Maximal exercise increases mucosal associated invariant T cell frequency and number in healthy young men.


Journal Article

PURPOSE: Mucosal associated invariant T (MAIT) cells have properties of the innate and acquired immune systems. While the response to vigorous exercise has been established for most leukocytes, MAIT cells have not been investigated. Therefore, the purpose was to determine if MAIT cell lymphocytosis occurs with acute maximal aerobic exercise and if this response is influenced by exercise duration, cardiovascular fitness, or body composition. METHODS: Twenty healthy young males with moderate fitness levels performed an extended graded exercise test until volitional fatigue. Peripheral blood mononuclear cells were isolated from venous blood obtained prior and immediately after exercise and were labeled to identify specific T cell populations using flow cytometry. RESULTS: The percentage of MAIT cells relative to total T cells significantly increased from 3.0 to 3.8% and absolute MAIT cell counts increased by 2.2-fold following maximal exercise. MAIT cell subpopulation proportions were unchanged with exercise. Within cytotoxic T lymphocytes (CTL), MAIT cells consisted of 8% of these cells and this remained constant after exercise. MAIT cell counts and changes with exercise were not affected by body composition, VO2peak, or exercise duration. CONCLUSIONS: Maximal exercise doubled MAIT cell numbers and showed preferential mobilization within total T cells but the response was not influenced by fitness levels, exercise duration, or body composition. These results suggest that acute exercise could be used to offset MAIT cell deficiencies observed with certain pathologies. MAIT cells also make up a substantial proportion of CTLs, which may have implications for cytotoxicity assays using these cells.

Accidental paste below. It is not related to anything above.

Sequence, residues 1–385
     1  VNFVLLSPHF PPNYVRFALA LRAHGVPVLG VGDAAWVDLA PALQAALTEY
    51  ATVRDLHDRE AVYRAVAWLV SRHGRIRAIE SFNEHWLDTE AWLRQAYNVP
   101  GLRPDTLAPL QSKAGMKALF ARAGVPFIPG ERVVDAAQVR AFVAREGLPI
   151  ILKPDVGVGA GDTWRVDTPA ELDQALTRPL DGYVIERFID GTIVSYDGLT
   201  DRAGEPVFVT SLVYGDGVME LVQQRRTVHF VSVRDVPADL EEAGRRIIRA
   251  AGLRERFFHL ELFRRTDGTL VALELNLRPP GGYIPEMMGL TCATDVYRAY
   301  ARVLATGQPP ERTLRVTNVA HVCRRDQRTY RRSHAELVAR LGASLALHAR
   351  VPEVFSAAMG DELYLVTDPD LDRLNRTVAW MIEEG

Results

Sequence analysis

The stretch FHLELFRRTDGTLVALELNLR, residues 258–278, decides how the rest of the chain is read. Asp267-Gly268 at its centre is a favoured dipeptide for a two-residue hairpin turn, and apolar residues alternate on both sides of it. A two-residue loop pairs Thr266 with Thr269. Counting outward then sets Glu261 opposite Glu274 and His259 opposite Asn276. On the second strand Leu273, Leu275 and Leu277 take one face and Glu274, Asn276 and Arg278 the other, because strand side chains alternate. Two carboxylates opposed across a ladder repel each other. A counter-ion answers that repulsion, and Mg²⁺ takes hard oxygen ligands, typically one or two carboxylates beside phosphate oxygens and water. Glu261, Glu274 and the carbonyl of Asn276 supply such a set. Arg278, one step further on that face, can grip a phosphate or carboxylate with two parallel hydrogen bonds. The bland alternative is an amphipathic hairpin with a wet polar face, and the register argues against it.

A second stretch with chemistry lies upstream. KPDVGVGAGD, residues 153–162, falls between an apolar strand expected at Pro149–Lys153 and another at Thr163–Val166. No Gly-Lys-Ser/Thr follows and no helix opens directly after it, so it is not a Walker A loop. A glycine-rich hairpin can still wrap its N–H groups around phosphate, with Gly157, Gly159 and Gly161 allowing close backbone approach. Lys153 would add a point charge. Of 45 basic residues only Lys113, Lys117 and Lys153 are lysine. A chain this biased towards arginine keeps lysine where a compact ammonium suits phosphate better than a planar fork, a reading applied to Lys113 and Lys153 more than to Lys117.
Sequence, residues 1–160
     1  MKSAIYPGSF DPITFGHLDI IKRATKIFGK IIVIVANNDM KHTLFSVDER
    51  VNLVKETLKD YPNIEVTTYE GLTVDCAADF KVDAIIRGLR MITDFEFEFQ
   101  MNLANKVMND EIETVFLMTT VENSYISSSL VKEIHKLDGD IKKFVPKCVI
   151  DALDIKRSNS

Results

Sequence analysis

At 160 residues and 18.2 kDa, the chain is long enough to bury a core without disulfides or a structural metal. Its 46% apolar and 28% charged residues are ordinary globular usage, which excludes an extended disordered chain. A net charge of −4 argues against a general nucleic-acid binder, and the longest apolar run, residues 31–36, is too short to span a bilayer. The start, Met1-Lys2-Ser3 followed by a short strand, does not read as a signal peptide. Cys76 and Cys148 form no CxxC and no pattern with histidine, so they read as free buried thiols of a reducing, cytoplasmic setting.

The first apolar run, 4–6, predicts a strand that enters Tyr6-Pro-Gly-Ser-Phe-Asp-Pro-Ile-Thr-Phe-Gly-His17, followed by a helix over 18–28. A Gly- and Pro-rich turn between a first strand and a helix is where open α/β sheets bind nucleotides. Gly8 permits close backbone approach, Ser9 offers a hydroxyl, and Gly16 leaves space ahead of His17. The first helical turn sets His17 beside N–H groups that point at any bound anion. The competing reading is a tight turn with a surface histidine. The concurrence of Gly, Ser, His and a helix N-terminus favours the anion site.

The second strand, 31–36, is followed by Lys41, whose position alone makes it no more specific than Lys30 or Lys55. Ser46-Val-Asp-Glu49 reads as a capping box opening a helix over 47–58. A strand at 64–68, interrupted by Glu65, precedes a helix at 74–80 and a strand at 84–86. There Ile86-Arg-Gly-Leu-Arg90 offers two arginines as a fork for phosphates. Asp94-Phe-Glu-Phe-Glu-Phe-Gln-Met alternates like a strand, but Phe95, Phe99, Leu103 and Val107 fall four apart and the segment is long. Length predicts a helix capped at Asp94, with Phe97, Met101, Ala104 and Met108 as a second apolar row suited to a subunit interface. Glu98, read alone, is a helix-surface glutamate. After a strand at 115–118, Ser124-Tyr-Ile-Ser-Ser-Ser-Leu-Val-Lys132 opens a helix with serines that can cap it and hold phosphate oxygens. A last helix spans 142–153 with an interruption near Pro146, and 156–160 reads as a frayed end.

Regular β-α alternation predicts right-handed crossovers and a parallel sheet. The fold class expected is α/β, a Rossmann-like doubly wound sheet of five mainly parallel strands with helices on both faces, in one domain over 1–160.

Full Text

Duke Authors

Cited Authors

  • Hanson, ED; Danson, E; Nguyen-Robertson, CV; Fyfe, JJ; Stepto, NK; Bartlett, DB; Sakkal, S

Published Date

  • November 2017

Published In

Volume / Issue

  • 117 / 11

Start / End Page

  • 2159 - 2169

PubMed ID

  • 28864849

Pubmed Central ID

  • 28864849

Electronic International Standard Serial Number (EISSN)

  • 1439-6327

Digital Object Identifier (DOI)

  • 10.1007/s00421-017-3704-z


  • eng

Conference Location

  • Germany